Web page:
The presence of famed Philadelphia painter Thomas Eakins (d. 1916) has long been felt at PAFA, but Fernando Orellana’s new installation, His Study of Life, aims to evoke Eakins’ spirit in a very direct way–via machines attached to objects used by the painter that seek to register his ghostly presence, measured in terms of fluctuations in electromagnetic fields, temperature, and infrared light. These are not the first so-called ghost machines that Orellana has made, but this is the first time he has attached his machines to both historic objects and a historic setting. The juxtaposition of old and new produces a resonance between past and present that activates the space of the Morris Gallery, a former studio in PAFA’s historic Furness building, opened in 1876. Orellana and Curator of Contemporary Art Jodi Throckmorton confront some of PAFA’s ghosts, putting together a thought-provoking installation that offers a new perspective on the life, art, and legacy of Thomas Eakins.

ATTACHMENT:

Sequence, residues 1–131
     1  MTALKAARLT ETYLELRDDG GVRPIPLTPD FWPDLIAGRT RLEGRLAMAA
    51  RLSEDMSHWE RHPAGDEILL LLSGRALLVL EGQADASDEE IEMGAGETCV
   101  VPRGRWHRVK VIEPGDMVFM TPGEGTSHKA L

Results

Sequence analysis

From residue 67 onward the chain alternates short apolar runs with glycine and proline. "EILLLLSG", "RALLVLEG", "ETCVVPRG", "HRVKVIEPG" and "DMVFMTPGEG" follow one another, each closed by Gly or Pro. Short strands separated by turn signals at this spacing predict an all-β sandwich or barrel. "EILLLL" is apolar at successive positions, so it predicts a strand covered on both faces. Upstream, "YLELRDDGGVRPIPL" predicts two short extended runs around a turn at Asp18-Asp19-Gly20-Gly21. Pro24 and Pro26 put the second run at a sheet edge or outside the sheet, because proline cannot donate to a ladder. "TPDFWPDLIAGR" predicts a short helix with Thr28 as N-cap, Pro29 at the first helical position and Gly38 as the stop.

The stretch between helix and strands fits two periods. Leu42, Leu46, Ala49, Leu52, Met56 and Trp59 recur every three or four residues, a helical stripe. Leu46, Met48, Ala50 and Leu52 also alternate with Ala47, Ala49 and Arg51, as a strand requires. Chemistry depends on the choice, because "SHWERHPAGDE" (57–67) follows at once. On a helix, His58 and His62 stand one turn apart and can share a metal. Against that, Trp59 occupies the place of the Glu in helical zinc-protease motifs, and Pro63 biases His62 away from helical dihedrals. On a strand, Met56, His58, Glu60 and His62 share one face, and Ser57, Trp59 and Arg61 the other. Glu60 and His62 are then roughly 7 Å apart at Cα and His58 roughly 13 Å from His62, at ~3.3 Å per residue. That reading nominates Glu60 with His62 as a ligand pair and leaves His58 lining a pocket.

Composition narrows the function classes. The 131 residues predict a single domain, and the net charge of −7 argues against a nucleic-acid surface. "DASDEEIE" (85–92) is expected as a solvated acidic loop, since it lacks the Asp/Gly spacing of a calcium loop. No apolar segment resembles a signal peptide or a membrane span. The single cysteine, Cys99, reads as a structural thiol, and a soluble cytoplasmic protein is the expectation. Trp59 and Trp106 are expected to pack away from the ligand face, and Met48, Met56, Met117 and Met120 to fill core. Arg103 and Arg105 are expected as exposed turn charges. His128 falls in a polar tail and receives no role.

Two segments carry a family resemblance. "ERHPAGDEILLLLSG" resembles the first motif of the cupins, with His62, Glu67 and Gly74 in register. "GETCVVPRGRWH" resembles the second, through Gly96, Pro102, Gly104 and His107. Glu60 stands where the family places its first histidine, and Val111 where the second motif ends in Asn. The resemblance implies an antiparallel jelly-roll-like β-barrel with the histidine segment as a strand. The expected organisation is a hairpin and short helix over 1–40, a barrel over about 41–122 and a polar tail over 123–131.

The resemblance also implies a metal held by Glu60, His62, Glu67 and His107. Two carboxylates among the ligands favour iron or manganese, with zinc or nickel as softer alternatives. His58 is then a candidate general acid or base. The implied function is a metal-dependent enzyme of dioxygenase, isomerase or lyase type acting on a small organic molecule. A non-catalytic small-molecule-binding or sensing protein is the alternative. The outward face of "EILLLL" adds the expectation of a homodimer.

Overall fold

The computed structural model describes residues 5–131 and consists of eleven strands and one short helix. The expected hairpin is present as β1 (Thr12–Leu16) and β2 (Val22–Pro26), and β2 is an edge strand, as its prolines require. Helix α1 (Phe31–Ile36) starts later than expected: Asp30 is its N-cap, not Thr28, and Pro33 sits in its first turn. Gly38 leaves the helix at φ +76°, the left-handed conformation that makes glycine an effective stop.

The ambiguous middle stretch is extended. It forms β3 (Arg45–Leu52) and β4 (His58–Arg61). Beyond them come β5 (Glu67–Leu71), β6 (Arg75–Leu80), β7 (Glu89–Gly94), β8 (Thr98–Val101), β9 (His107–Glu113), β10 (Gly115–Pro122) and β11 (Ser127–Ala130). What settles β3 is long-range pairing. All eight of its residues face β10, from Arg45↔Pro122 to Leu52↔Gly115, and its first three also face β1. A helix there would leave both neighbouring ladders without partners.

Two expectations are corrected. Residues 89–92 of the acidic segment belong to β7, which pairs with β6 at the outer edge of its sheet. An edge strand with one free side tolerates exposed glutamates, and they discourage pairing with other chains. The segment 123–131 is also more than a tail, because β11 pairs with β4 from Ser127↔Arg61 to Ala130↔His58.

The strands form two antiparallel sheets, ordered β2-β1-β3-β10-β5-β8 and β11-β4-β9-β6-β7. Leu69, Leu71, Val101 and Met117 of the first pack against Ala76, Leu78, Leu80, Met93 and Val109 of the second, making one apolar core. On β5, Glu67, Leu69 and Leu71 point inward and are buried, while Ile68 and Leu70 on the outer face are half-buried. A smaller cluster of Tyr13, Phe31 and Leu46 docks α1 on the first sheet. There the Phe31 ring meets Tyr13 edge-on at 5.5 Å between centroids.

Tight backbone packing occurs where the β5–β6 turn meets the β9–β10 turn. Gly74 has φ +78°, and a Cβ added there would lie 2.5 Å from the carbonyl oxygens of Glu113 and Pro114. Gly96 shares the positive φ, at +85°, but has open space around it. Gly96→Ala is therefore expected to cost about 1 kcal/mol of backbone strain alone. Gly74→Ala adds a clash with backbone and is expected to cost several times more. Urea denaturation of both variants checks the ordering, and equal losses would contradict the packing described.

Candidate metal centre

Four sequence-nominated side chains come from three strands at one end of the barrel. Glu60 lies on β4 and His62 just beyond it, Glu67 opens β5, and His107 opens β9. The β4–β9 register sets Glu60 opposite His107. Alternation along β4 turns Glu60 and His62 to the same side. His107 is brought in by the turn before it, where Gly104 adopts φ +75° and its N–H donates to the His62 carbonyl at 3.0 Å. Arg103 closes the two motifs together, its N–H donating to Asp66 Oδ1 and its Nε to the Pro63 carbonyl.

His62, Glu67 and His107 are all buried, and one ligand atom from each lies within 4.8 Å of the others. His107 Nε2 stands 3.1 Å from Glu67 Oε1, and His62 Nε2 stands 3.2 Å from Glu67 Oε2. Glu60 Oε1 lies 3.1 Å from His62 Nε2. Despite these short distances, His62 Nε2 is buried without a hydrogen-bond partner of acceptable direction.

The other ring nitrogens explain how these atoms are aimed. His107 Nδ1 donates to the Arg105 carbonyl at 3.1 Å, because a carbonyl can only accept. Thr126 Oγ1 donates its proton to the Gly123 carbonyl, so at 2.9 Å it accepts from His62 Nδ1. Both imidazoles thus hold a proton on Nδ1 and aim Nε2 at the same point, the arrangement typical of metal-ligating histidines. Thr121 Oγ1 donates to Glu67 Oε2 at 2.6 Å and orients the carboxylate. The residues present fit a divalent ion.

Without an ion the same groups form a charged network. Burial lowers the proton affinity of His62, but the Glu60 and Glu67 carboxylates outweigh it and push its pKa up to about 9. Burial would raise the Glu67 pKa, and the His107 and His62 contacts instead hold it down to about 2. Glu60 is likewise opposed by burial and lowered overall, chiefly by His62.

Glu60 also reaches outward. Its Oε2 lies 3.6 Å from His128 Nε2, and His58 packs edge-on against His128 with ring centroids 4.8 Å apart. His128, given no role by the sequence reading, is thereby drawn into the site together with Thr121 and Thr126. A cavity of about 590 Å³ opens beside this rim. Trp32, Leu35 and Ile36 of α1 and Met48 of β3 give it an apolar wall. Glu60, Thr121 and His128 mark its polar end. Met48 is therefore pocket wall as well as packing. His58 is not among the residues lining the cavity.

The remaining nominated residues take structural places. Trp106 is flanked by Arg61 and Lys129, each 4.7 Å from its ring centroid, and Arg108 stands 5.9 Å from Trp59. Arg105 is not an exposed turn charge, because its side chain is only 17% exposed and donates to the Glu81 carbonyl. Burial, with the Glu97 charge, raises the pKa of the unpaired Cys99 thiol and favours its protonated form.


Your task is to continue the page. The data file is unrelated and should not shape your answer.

Orellana’s installation consists of four machines constructed to interact with a paint box, palette, and paintbrush from Eakins’ studio, and a large armchair from his home. Each of these objects, taken from PAFA’s archives, are attached to machines designed and engineered by Orellana. Together, the paint box, palette, and paintbrush reminded me of the relics of saints–the remains of holy men and women, or the objects, earth, or clothing that came in contact with them during their lives. Too precious for human hands to touch, too powerful to stay buried in the ground (or archive), they can only be accessed through the containers that surround them. The saint’s (or artist’s) power is manifested by his ability to produce miracles through his relics. With His Study of Life, Orellana offers us the possibility of a sort of post-modern miracle, making a tongue-in-cheek yet deeply serious exploration of the religion of art, and of the ghost in the machine.